Polyphasic Sleep Patterns
It’s Monday morning, and you and your friends sit around a table at the dining hall. All you can see are coffee cups and another week of despair ahead of you. You only got four hours of sleep last night because of that grueling problem set, but at least you’re better off than your friend. You can tell she was working on her writing seminar paper all night because she’s still wearing the same ghastly sweater as she was yesterday… not to mention the fact that she’s falling asleep into her plate of pancakes.
It’s a struggle common to nearly all college students: sleep deprivation.
Is there a solution? Can we cut down our total time sleeping while retaining our sanity? It seems that the concept of needing eight hours sleep has been deeply ingrained in our culture, but perhaps we need to re-evaluate it. Historical figures such as Leonardo da Vinci, Edison, and Tesla were polyphasic sleepers — that is, they divided up their sleep into multiple blocks of time. Likewise, it is common in Spanish culture to take a siesta in the afternoon. The idea of a monophasic sleep schedule is not common across all cultures, but it is certainly the predominant one. The vast majority of animals do not follow the monophasic sleep schedule, and instead follow various polyphasic patterns: they nap intermittently throughout the day.
“The concept of the eight-hour sleep has been deeply ingrained in our culture, but perhaps we need to re-evaluate it.”
Not every polyphasic sleeper follows the same regimen. Schedules range from those consisting of small naps to others with more varied increments. The biphasic sleep schedule is just as it sounds: two blocks of sleep ranging from three to four hours. The Dymaxion sleep schedule, originally coined by Buckminster Fuller, involves a half-hour nap every six hours. He claimed that the schedule kept him fully alert and, as his doctor reported, “sound as a nut.” Fuller combined the words “dynamic,” “maximum,” and “tension” to describe many of his inventions, including the Dymaxion sleep schedule.
Internet writer PureDoxyK, author of Ubersleep: Nap-Based Sleep Schedules & the Polyphasic Lifestyle, coins terms for a few more polyphasic sleep schedules. The Uberman, which involves six 20-minute naps at regular intervals throughout the day, is considered the most rigorous polyphasic pattern. The Everyman schedule is more similar to the traditional monophasic model — it calls for a 3-hour block of sleep at night, with three additional 20-minute naps throughout the day. Indeed, such sleep-wake schedules have been shown to improve performance. In a study conducted on ninety-nine sailors, the best performance results were from those who slept in increments between 20 and 60 minutes for a total of 4.5 to 5.5 hours a day. This performance increase, combined with the free time that would otherwise have been spent sleeping, are possible benefits of polyphasic sleeping.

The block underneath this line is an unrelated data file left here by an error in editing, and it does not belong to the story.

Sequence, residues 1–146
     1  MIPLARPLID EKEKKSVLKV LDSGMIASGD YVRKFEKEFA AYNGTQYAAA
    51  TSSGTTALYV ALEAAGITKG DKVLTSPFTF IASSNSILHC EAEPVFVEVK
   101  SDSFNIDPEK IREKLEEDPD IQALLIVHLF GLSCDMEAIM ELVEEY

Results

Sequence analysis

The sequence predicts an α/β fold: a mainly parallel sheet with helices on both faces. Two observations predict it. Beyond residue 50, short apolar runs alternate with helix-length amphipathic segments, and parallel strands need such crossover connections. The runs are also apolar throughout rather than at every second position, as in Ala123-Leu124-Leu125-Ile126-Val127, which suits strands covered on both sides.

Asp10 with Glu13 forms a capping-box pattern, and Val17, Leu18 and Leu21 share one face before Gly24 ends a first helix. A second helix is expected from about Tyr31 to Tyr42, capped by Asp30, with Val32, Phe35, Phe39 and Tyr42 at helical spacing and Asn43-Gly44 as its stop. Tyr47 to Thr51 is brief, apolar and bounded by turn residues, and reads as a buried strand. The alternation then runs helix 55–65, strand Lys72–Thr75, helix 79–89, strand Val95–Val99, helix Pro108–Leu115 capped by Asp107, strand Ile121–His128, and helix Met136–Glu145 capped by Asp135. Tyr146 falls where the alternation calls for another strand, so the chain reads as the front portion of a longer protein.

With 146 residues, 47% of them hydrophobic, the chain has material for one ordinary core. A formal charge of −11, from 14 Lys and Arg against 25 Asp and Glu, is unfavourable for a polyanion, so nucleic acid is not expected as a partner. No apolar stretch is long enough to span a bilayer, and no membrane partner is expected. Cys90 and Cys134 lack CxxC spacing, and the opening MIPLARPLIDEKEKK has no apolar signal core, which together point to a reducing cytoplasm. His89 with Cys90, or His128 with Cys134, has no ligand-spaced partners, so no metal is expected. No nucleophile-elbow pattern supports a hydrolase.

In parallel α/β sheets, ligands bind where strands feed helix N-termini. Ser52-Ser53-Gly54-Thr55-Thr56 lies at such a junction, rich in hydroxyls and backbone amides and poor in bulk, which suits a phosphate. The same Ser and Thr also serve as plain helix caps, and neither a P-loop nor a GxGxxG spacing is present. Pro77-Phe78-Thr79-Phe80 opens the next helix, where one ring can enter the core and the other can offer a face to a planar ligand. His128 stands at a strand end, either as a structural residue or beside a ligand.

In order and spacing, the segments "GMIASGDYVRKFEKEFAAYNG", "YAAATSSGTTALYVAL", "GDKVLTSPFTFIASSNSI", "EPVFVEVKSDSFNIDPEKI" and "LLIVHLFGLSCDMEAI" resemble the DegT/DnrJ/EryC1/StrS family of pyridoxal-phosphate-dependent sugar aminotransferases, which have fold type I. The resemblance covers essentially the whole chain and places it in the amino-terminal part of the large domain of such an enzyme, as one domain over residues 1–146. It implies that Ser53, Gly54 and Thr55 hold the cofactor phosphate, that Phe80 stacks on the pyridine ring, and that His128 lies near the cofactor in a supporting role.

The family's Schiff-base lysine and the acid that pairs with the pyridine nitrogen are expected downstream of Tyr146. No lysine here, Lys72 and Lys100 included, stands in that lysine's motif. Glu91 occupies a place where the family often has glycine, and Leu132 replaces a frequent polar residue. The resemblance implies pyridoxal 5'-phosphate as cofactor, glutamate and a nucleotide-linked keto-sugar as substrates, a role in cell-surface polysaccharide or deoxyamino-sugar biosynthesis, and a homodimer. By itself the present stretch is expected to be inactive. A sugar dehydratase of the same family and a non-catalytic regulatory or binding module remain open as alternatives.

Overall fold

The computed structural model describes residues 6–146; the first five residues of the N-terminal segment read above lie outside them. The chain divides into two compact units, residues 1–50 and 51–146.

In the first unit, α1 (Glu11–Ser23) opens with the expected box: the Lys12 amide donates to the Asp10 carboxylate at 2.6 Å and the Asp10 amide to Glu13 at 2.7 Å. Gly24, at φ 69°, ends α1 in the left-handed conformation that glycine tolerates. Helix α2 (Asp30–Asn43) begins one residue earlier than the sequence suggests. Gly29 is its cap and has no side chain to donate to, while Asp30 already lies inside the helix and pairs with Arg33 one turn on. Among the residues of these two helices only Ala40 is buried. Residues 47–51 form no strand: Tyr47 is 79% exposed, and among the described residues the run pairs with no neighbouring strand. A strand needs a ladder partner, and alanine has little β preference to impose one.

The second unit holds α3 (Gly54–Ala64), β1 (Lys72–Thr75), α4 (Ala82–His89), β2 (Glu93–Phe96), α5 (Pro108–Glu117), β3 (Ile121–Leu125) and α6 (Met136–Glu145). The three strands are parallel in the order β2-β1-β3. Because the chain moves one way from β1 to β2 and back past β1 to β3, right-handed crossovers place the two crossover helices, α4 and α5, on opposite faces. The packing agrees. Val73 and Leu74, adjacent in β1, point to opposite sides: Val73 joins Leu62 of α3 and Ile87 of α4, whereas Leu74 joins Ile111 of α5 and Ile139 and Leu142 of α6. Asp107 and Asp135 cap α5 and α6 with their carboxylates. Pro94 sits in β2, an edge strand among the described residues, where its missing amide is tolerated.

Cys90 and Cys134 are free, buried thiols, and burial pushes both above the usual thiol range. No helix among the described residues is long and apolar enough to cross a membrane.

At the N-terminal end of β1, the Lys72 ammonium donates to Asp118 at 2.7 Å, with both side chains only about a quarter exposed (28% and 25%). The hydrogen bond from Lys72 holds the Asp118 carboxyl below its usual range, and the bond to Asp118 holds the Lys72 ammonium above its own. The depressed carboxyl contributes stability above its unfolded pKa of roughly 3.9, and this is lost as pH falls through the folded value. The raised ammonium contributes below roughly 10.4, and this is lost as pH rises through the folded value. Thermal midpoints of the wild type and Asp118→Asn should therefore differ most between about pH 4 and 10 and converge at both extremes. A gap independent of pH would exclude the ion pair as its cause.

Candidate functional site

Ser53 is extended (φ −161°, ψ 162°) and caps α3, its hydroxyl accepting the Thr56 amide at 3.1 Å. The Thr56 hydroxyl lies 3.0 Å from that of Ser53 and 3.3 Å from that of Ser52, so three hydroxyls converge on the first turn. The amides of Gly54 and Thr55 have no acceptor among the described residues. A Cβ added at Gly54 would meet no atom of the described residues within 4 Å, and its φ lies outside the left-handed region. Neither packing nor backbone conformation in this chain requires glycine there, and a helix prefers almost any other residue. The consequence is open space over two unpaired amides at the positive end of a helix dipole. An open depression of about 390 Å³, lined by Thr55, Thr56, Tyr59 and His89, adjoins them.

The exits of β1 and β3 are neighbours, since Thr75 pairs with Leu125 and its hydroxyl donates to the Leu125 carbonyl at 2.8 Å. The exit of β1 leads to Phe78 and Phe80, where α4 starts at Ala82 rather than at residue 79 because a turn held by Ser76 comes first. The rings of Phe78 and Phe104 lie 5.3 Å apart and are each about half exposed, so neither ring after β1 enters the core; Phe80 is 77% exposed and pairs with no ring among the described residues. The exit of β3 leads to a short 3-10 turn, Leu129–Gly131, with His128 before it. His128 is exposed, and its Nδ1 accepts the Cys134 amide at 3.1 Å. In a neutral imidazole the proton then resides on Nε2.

“In a study conducted on ninety-nine sailors, the best performance results were from those who slept in increments between 20 and 60 minutes for a total of 4.5 to 5.5 hours a day.”
How is it that the same level of restfulness can be achieved with less sleep? There are two types of sleep: rapid eye movement (REM) and non-rapid eye movement (NREM). REM sleep generally makes up about 20-25% of total sleep, and each cycle takes around 90 minutes. Studies have linked REM sleep to vital processes such as memory consolidation, brain development, behavioral development, and the formation of associative networks vital to problem solving and creative thinking. The prevailing theory is that the Uberman schedule trains the brain to enter REM sleep quickly. This cuts out the NREM stages of sleep, during which brain waves become slower and more synchronized before the high-frequency and low-amplitude waves that characterize REM sleep.
Personal development blogger Steve Pavlina, who tried out the Uberman sleep schedule for five months, reported having vivid dreams after 20-minute naps even though dreams are characteristic of and exclusive to REM sleep. Ultimately, he switched back to a monophasic schedule because the world simply isn’t structured to accommodate regular napping throughout the day. Social and cultural factors must be considered before adopting these lifestyles.
Between cups of coffee, we ask ourselves which clubs to cut. We make sacrifices. We fall behind on work. Above all, we grapple with balancing our need to sleep with our need to succeed.
While polyphasic sleeping may not be the solution for everyone, it is worth looking at sleep with a new perspective. The eight-hour sleep schedule can give way to alternatives that are more time-efficient and possibly performance-boosting, but there is a ways to go before this can become feasible for the masses. Society simply isn’t ready for the polyphasic lifestyle, both structurally and ideologically.